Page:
Rabbi Gaylia R. Rooks, a spiritual leader at The Temple for 29 years and the first female rabbi in Kentucky history, is retiring.
Though Rooks’ last day is officially June 30, 2018, she will be serving as a senior rabbi of the congregation until December 31. She will then spend the final six months of her contract on sabbatical.
“She, along with her partner rabbis, has been our spiritual leader and staunch community advocate for nearly three decades; beloved, respected and admired,” The Temple President Angeline Golden wrote in a letter to the congregation.
In a statement to Community, Rooks said, “It has been a tremendous honor and blessing to serve my congregation for the past 29 years and I will always be committed to The Temple. Obviously I will still be involved in my role as rabbi emerita and I will continue to cherish the privilege of sharing in the lives of our members for many years to come.”
The Temple will not fill Rooks’ position, Golden said in responses to questions emailed by Community.
“We are most grateful and honored that Rabbi David Ariel-Joel and Rabbi Joe Rooks Rapport (Rooks’ husband) will continue to lead The Temple as our two full-time rabbis,” she said. “They, along with The Temple leadership, have begun the deliberative process of ensuring a seamless transition in preparation for Rabbi Rooks’ retirement.”
Being the first female rabbi in Louisville was not an “unfamiliar” experience, Rooks told Community.
“I guess I was used to being the first,” she said. “I was the only woman in my rabbinical class on the L.A. campus of the Hebrew Union College and was one of the first 50 women to be ordained. My husband and I were the fifth rabbi-rabbi couple to be married and the first to go through all five years of seminary together.
“Regarding people’s reaction to me,” she continued. “I still stand by my comments of almost 30 years ago: While some people were concerned about having a woman rabbi, I think once I was here, they found the reality easier to deal with than they may have feared.
“I believe that for the most part, people respected me as a rabbi, a woman, and a partner with whom to work on the sacred task of tikkun olam,” Rooks added. “That goes for my Temple, the broader Jewish community, and the general interfaith community at large.”
The Temple is in the process of planning internal celebrations and a community-wide event to honor Rooks for her years of service to the congregation, according to Golden.
Rooks’ retirement wasn’t the only news involving the Temple’s rabbis. Golden also announced that Rapport has signed a retirement contract that will carry him through to June 30, 2022 when he, too, will join Rooks as rabbi emeritus.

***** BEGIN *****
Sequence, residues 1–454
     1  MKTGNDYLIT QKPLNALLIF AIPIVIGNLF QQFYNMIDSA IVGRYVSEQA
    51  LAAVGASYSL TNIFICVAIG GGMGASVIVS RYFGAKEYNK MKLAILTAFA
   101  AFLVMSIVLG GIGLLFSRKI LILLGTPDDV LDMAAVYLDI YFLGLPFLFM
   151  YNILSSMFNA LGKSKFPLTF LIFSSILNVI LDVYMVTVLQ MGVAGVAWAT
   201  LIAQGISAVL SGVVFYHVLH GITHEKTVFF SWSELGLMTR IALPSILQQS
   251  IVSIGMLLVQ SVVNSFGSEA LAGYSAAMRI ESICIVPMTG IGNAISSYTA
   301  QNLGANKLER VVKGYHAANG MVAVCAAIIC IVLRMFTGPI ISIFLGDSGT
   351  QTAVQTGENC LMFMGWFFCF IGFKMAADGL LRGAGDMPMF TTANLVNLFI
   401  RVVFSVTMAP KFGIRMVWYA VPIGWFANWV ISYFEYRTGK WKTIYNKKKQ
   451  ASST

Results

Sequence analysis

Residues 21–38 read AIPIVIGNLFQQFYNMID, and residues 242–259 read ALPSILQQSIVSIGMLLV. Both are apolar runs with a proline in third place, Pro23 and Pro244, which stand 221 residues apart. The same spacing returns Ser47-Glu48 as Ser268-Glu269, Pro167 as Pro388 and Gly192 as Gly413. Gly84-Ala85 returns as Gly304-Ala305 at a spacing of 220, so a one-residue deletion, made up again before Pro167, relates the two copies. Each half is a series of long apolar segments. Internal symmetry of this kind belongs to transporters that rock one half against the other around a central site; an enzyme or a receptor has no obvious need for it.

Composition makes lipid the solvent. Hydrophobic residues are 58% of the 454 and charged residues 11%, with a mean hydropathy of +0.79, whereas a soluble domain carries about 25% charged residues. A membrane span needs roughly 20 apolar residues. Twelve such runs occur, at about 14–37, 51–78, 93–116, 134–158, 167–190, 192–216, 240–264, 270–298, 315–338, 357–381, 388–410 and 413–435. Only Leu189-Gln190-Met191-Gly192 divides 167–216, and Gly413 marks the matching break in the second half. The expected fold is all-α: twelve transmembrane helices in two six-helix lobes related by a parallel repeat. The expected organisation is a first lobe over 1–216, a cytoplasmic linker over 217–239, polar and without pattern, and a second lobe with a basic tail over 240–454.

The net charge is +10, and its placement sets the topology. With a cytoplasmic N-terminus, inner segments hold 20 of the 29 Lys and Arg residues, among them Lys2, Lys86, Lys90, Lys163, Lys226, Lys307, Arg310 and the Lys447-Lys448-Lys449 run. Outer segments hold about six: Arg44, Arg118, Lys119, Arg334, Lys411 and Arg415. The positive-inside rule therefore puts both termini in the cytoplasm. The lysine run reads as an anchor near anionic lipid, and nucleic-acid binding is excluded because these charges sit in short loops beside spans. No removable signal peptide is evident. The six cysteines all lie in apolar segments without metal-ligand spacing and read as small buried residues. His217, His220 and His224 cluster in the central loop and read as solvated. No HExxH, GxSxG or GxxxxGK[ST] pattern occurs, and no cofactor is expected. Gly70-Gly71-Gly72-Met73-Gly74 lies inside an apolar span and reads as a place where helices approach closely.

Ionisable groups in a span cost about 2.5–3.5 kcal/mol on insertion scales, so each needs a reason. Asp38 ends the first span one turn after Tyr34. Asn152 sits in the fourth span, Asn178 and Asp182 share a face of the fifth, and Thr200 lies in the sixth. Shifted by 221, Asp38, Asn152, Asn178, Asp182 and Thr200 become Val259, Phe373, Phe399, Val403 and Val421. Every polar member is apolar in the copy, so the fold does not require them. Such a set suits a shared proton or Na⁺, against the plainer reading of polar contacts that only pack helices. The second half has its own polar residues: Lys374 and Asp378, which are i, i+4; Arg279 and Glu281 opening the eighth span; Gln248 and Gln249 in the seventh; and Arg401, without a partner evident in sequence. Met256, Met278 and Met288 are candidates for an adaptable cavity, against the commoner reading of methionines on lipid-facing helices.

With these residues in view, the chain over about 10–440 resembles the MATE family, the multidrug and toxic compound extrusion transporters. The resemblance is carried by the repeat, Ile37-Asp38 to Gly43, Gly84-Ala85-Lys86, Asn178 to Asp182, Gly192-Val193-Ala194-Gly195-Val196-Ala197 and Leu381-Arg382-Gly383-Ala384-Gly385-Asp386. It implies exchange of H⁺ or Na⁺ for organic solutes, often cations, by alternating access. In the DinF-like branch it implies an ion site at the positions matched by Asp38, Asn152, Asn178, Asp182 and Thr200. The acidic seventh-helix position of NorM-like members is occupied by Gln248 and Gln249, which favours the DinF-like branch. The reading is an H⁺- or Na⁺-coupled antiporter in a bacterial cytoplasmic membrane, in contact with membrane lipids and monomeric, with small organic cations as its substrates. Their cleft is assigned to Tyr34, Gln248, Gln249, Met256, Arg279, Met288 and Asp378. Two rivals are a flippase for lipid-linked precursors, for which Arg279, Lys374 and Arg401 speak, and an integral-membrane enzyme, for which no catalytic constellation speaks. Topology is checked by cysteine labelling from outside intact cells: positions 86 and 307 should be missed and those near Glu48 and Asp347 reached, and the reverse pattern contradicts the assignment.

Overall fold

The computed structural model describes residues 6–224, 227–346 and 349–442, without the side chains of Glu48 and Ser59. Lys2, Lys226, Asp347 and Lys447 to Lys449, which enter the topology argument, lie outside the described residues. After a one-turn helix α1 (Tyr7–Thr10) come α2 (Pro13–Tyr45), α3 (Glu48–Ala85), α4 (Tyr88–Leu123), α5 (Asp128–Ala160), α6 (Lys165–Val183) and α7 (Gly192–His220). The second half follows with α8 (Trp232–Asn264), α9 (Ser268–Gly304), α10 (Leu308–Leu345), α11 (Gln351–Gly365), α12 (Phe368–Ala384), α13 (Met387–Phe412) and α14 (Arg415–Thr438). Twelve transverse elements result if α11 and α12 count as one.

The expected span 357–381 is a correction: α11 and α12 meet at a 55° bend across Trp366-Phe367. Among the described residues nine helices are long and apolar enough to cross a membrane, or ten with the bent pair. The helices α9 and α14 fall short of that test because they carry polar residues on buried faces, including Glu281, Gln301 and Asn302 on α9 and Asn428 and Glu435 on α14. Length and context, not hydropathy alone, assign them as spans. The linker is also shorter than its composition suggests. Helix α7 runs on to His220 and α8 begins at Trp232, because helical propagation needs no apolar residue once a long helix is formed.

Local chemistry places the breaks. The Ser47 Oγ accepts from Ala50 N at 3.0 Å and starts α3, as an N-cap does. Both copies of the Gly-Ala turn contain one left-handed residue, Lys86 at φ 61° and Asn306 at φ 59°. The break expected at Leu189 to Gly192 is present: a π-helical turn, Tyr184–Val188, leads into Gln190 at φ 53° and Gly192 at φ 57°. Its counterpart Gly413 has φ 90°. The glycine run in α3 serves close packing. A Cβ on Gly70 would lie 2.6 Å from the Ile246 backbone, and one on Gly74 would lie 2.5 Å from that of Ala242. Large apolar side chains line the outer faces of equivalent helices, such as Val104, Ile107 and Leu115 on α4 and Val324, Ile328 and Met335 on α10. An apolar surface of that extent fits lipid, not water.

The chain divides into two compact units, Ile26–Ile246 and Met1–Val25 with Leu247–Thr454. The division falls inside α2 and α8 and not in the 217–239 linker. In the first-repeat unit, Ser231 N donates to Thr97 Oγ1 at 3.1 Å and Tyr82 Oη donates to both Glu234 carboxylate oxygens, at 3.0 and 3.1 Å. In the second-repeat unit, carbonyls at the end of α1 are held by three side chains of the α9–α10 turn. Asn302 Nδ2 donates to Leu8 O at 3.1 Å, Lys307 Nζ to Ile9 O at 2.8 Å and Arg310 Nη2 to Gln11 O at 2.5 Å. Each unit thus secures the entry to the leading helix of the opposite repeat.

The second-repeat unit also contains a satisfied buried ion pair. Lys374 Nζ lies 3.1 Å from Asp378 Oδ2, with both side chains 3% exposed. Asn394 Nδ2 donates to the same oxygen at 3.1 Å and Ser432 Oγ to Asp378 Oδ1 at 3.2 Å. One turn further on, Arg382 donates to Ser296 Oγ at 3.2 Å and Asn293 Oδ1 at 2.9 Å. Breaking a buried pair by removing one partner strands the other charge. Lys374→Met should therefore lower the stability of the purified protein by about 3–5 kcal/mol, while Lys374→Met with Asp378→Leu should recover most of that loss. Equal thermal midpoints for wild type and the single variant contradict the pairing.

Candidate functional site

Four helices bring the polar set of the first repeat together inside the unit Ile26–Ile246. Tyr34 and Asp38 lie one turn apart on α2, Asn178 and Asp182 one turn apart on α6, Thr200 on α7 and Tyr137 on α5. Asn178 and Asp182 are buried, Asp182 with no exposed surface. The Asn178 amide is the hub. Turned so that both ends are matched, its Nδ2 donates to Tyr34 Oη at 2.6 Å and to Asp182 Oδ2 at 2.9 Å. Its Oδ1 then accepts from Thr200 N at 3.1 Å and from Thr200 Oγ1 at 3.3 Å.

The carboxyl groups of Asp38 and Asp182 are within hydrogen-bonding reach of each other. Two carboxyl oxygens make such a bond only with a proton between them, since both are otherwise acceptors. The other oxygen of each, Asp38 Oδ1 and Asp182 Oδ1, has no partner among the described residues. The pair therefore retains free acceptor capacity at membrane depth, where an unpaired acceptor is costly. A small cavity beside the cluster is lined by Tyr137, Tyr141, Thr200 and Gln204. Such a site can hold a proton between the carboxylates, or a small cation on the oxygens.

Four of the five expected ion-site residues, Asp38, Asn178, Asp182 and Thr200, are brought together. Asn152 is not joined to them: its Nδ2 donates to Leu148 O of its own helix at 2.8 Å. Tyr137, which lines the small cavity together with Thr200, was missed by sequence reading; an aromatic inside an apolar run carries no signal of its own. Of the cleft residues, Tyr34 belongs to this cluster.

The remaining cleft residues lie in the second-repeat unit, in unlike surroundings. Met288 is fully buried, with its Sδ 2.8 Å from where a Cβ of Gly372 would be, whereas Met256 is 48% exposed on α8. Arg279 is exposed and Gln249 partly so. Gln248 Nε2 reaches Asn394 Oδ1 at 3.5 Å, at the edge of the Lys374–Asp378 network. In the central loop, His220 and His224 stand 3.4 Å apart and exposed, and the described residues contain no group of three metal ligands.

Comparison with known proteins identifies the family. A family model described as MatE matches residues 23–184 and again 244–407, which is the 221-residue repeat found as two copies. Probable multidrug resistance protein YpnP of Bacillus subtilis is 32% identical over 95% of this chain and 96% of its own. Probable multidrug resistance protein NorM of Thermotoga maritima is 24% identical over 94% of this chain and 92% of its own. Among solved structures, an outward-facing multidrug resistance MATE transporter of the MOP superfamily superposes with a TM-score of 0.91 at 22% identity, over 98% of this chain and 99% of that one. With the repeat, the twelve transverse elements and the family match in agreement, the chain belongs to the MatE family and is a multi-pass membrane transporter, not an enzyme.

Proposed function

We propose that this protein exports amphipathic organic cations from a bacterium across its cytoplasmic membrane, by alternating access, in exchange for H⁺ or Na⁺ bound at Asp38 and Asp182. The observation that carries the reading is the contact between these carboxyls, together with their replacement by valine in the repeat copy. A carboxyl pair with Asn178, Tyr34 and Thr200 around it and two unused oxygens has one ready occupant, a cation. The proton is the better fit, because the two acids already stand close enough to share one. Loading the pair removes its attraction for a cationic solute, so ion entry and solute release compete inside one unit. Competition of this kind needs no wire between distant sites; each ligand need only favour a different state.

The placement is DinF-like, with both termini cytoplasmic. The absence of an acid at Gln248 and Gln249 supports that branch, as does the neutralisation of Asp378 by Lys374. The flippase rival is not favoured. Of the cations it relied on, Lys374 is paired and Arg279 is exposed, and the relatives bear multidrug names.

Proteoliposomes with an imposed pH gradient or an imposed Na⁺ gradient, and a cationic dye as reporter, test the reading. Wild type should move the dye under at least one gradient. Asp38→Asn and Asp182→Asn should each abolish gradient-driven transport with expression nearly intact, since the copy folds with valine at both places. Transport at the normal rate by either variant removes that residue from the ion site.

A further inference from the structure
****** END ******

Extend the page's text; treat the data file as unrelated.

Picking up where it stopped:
And Ariel-Joel has signed a contract as senior administrative rabbi that extends through June 30, 2028.
“He, along with Rabbi Rapport, will be taking over Rabbi Rooks’ duties as we move into this new phase for our congregation,” Golden said in her letter to the congregation.
She said the leadership will speak more about the changes at The Temple’s annual meeting, which is slated for Thursday, June 2.
A graduate of Brandeis University and the Hebrew Union College in Cincinnati, where she was ordained in 1984, Rabbi Rooks came to The Temple in 1988, becoming the first female rabbi in the commonwealth.
Since then, Rabbis Laura Metzger, Nadia Siritsky and Beth Jacowitz Chottiner, and Cantor Sharon Hordes, have all followed Rooks to Kentucky. Also, The Temple and Temple Shalom have each employed several female student rabbis who were training for their careers after ordination.
During her time at The Temple, Rooks has taught adult education classes, religious school, trained b’nai mitzvoth, taken an active role in social action and women’s programming, and engaged in outreach to people in the process of conversion and to interfaith families.
She also directs worship and ritual and oversees all the music performed at The Temple. Along with Music Director Louie Bailey, she directs Shir Chadash, The Temple’s volunteer choir.
In 2012, Rooks released her second collection of original Jewish music on CD titled Sukkat Shalom: Shelter of Peace. All the money from the sale of CDs goes to the WHAS Crusade for Children.
Rooks has appeared several times on The Moral Side of the News, the WHAS-TV interfaith panel that is broadcast on local television and to 38 states on radio. She also serves on the clergy allocations committee of the “WHAS Crusade for Children.”
Rooks has been an adjunct faculty member at Spalding University Graduate School Department of Religion, the Louisville Presbyterian Theological Seminary, and Indiana University Southeast.
Her rabbinic thesis, Halachic Guidance for the Terminally Ill, provides insights from Jewish tradition for the modern day dilemmas of biomedical ethics. Along those lines, Rooks has served on the ethics committee of the Norton-Kosair Children’s-Alliant Hospital in-vitro fertilization board, and currently on the Hosparus ethics committee.
Rooks and Rabbi Rapport have two adult children, Yael and Lev.